A Facilitator of Big and Small Change
PROVO, Utah – Sep 17, 2021 – Sitting on the office desk of BYU Marriott School of Business MPA alum Wayne Parker is a mariner’s spyglass that a former mayor gave him. The gift is meant to remind him to always think about long-term goals. As the current chief administrative officer of the city of Provo, Parker strives to follow this counsel by continually looking to the future of the city that he leads.
Parker’s future-focused and people-centered leadership style has distinguished him as a noteworthy leader among his fellow government administrators. In 2020, he received the Award for Career Excellence in Memory of Mark E. Keane from the International City/County Management Association. This award recognizes a government administrator who has implemented new programs to help increase the efficiency of local government.
Parker has worked for the city of Provo for seventeen years, and one way he helps the city be more efficient is by using a strategy that former Utah governor Mike Leavitt taught him: knowing how to move the big gears. Parker recalls Leavitt explaining that although a government organization has thousands of employees, a good leader identifies the big gears that influence change not only at the top of an organization but also at the lower levels.
Strengthening the connection between his employees is an example of how Parker’s actions affect change on all levels of his organization. “Some of the big gears are typical key drivers for the economy, such as job creation, citizen engagement, and technology,” explains Parker. “However, the big gears can always change, and one big gear we’ve focused on lately is employee relationships.
“When we first sent employees home to work during the pandemic, they felt isolated and detached,” he continues. “I started what we now call the daily update; I send an email to all employees each afternoon and talk about the fun happenings or recent meetings in the office, just to help employees feel connected. The daily update is one of the most beneficial ideas I’ve had throughout my entire career.”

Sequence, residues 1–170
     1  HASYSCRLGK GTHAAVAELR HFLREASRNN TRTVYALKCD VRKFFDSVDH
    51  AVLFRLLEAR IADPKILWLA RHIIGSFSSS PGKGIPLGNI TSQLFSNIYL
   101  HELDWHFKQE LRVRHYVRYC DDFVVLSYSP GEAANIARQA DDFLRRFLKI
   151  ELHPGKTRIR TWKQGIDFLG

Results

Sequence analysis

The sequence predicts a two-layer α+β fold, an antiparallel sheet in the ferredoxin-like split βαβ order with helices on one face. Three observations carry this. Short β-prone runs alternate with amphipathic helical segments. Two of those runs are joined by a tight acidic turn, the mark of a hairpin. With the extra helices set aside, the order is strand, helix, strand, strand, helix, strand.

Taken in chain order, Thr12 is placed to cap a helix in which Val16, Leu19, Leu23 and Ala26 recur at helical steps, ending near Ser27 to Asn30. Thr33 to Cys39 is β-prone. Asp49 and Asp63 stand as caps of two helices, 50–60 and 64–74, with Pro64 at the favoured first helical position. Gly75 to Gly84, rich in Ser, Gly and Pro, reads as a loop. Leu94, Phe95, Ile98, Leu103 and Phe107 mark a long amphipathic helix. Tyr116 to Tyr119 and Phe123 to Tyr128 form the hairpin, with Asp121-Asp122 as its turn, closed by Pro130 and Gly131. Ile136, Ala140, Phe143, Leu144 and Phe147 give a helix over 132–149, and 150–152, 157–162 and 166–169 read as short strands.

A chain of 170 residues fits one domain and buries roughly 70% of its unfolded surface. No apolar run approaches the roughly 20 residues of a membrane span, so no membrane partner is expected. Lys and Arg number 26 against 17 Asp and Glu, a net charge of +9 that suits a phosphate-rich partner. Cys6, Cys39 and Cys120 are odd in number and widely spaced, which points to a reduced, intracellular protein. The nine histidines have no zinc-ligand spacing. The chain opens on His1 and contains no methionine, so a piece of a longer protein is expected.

In fact, Parker’s daily updates have been so successful that he plans to continue writing them even as his employees return to the office. When he asks the employees if he should stop the updates, they reply enthusiastically that they love the daily updates and want them to continue. “At the end of the day, my employees’ performance and morale are dependent on the connections they form with their team of coworkers,” he says.
Outside of the office, Parker wants to ensure the citizens of Provo also feel a sense of connection and belonging. “A number of years ago, we came up with the tagline ‘Welcome Home,’ for the city of Provo to communicate the idea of belonging. Provo has been home for untold numbers of people at some point during their lives,” Parker says. “I sincerely hope every person who lives here even for a short time views Provo as home, and that each individual knows they are wanted and valued in our community.”
Looking back, Parker feels blessed to have chosen a career that allows him to do what he loves on a daily basis. “I love the people I am surrounded by. I hope that I’ve made a difference in the communities where I've worked by improving the quality of life in small and big ways,” he says. However, for Parker, the best is always yet to come. While he feels proud of Provo’s past successes accomplishments, his positive focus for the city remains fixated forward.
Media Contact: Chad Little (801) 422-1512
Writer: Sarah Calvert